Miss Peregrine’s Home for Peculiar Children, though marketed to teens, has found well-deserved popularity among adults as well.

The story, by Ransom Riggs, follows Jacob, a 16-year-old kid who’s unsure how he feels about just about everything. One thing he does love, though, is his grandfather and the stories he shares. When Jacob was a child, he believed the tales of the monsters who went after his grandfather and the island where he found safety. As a teen, though, Jacob can see that the photographs of the islands other inhabitants have been doctored, and he suspects the monsters his grandfather speaks of are really the Nazis.

Things change, though, when Jacob’s grandfather suddenly dies under mysterious circumstances– Jacob begins to wonder whether or not there are aspects of truth in his grandfather’s stories. He talks his father into traveling with him to the island where his grandfather had found refuge so that he can investigate and determine the truth.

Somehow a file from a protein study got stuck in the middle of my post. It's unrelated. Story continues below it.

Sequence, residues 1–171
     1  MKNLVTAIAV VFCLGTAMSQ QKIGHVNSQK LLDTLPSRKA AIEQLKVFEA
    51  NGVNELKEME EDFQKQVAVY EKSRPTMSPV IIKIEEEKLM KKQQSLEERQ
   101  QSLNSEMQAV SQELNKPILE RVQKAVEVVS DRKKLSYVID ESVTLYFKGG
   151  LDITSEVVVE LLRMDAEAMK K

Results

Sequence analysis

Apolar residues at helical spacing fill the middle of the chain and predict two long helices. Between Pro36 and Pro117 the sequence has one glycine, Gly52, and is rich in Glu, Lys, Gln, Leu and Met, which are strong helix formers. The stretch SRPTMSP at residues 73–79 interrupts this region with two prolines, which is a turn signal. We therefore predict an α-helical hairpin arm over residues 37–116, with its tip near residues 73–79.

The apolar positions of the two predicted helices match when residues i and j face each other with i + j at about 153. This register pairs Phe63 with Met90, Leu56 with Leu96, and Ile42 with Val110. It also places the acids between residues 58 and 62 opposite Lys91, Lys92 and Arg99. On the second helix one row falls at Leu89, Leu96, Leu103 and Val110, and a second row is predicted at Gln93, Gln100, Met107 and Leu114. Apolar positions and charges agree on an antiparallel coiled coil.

The pages of the Miss Peregrine’s Home for Peculiar Children are strewn with the photographs Jacob’s grandfather shared. The images, which are actual antique photographs that Riggs gathered from collectors, help add to the story’s creepy ambiance.

I recommend the book for anyone interested in a twist on the typical adventure story. It’s a bit slow-going at first, but by page 100, the story picks up, and you can’t put it down.